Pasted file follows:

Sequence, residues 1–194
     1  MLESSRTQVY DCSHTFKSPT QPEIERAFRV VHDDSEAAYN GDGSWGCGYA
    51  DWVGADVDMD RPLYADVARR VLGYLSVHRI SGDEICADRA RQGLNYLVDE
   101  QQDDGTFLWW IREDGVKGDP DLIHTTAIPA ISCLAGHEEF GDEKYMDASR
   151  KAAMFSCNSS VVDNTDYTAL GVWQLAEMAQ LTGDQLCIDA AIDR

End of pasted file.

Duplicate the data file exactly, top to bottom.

Sequence, residues 1–194
     1  MLESSRTQVY DCSHTFKSPT QPEIERAFRV VHDDSEAAYN GDGSWGCGYA
    51  DWVGADVDMD RPLYADVARR VLGYLSVHRI SGDEICADRA RQGLNYLVDE
   101  QQDDGTFLWW IREDGVKGDP DLIHTTAIPA ISCLAGHEEF GDEKYMDASR
   151  KAAMFSCNSS VVDNTDYTAL GVWQLAEMAQ LTGDQLCIDA AIDR